1. Regional disparities. The sharp divide between the affluent coastal and poorer internal regions is not new in Chinese history. In the absence of firm central control, this has in the past led to fragmentation – coastal administrations orientating themselves to foreign commercial interests, the interior sinking beneath a morass of poverty and corruption. However, modern China is not the ailing China of the 19th century in the throes of Malthusian stagnation. It is now a proud and rising Great Power, its regional separatist movements are quelled, and it is under the firm control of the CCP. As such, the chances of a jaded Japan or declining USA successfully exploiting this divide are very slim.
  2. Income inequality. There is also a great deal of inequality between China’s urban and rural, between its new oligarchs and itinerant indigents, and between the privileged and non-privileged. However, this is entirely typical of capitalist societies at the height of the industrialization drive, and levels of inequality tend to fall once a more affluent state decides on expanding social welfare schemes to contain labor unrest. As will be covered in a later, related post on China’s internal debates, the ideological underpinnings for such a shift are already coming into place with the concept of the “Harmonious Society“.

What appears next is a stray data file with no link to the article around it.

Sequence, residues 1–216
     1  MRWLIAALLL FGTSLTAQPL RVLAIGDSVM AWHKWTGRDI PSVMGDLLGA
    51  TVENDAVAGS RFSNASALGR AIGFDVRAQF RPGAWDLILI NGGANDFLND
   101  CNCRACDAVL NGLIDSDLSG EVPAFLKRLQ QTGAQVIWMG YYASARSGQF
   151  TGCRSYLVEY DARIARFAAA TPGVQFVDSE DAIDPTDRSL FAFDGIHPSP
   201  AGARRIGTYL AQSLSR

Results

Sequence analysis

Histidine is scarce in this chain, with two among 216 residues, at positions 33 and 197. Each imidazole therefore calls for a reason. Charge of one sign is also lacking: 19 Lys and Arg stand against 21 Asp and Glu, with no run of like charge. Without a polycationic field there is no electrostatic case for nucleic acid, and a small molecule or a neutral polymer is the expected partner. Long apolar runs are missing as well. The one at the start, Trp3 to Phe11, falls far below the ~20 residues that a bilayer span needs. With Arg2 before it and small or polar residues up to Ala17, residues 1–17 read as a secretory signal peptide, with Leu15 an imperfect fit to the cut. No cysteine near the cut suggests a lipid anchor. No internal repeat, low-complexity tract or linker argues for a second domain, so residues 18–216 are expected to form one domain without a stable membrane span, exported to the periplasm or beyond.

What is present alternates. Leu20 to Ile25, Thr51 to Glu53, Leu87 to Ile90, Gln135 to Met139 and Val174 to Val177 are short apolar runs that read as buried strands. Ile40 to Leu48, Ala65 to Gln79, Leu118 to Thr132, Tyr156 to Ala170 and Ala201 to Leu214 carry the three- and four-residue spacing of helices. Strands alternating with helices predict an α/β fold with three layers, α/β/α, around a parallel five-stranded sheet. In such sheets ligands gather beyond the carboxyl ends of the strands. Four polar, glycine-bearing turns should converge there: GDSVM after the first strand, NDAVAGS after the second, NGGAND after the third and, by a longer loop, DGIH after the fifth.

3. Environmental degradation. A major problem. An innovative attempt to start measuring economic performance with “Green GDP” (accounting for pollution costs) was quietly squashed when it indicated that China had almost no real growth. That said, localized pollution per se, like city smog or collapsed ecosystems, won’t bring about China’s fall just as they haven’t led to the fall of any other post-agrarian society. The same certainly cannot be said for anthropogenic climate change, whose effects will become devastating to China by the 2030′s (floods, droughts, desertification, dust storms, etc). The most ominous prospect is the melting of the Himalayan glaciers, though some point out that this may be a centuries-long process. Nonetheless, these potential disasters won’t come in time to prevent China’s assumption of its superpower mantle, which I predict for 2020.